High-frequency trading improves market quality, study finds

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While it's been the punching bag for nearly all of the ills on Wall Street, a new U.K. study has found that high-frequency trading (HFT) and algorithmic trading (AT) have several beneficial effects on market quality.

The report, entitled 'Foresight: The future of computer trading in financial markets' was commissioned by the U.K. Government Office for Science. The report claims that  computer-based trading (CBT) has many positive effects, a finding that could come as a surprise, says Jean-Pierre Zigrand, reader in finance at the London School of Economics and part of the group that oversaw the project.

Zigrand lauds CBT's "solid risk limits and beautifully risk-managed systems". However, while no direct evidence suggests that HFT has increased volatility, instabilities can nonetheless occur in specific circumstances. The study highlighted two possible causes of crashes and large swings in the market: the normalisation of deviance and self-reinforcing feedback loops.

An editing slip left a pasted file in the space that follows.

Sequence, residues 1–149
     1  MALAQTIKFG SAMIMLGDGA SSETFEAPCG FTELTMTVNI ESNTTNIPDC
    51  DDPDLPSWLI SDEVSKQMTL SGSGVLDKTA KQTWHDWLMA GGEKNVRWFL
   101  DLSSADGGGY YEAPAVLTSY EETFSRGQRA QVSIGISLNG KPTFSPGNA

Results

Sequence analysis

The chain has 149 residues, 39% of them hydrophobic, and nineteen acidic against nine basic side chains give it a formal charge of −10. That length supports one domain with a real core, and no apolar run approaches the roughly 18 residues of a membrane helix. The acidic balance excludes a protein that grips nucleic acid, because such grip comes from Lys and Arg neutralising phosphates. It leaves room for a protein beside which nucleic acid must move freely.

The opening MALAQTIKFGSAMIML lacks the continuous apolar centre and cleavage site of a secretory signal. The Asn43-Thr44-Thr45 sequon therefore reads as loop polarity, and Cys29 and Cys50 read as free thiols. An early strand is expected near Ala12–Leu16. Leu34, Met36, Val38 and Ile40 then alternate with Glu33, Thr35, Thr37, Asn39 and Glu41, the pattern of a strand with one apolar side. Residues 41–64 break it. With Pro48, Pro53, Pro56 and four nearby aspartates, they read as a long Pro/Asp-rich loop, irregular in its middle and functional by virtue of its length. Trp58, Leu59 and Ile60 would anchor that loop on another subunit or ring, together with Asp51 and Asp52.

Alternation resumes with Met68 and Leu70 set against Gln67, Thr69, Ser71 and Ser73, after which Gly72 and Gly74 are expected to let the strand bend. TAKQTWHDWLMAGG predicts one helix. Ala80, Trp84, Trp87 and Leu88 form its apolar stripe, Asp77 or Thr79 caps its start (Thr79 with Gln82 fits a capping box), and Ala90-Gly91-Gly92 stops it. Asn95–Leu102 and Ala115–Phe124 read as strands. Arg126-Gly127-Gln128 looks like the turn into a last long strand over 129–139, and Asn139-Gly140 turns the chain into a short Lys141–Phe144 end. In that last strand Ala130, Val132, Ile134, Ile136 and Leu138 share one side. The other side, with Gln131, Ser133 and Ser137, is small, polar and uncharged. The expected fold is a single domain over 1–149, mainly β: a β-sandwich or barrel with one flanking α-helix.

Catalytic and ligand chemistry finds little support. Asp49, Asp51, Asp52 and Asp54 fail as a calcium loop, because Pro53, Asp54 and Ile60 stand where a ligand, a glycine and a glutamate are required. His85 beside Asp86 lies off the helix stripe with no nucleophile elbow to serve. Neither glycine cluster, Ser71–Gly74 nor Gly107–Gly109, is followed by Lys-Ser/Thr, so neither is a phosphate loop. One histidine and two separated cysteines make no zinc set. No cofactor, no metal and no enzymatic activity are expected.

"The normalisation of deviance is another feedback loop, but it's a very slow-moving feedback loop," says Zigrand. It is a social issue, where unexpected events come to be seen as normal until a disastrous failure occurs.

The report claims that the Flash Crash on May 6, 2010, where the Dow Jones Industrial Average plummeted 1,000 points before rebounding almost as rapidly, was quite possibly the result of the normalisation of deviance. Market participants were aware the high-speed changes in the prices of equities could lead to a high-speed crash, but warning signals were ignored.

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